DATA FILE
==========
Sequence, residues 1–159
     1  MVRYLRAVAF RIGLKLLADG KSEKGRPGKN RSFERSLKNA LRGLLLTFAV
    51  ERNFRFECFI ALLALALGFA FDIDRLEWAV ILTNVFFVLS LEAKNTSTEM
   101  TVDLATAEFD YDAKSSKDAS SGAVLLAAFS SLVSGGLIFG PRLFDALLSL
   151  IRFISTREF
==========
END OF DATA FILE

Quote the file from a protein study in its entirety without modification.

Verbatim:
Sequence, residues 1–159
     1  MVRYLRAVAF RIGLKLLADG KSEKGRPGKN RSFERSLKNA LRGLLLTFAV
    51  ERNFRFECFI ALLALALGFA FDIDRLEWAV ILTNVFFVLS LEAKNTSTEM
   101  TVDLATAEFD YDAKSSKDAS SGAVLLAAFS SLVSGGLIFG PRLFDALLSL
   151  IRFISTREF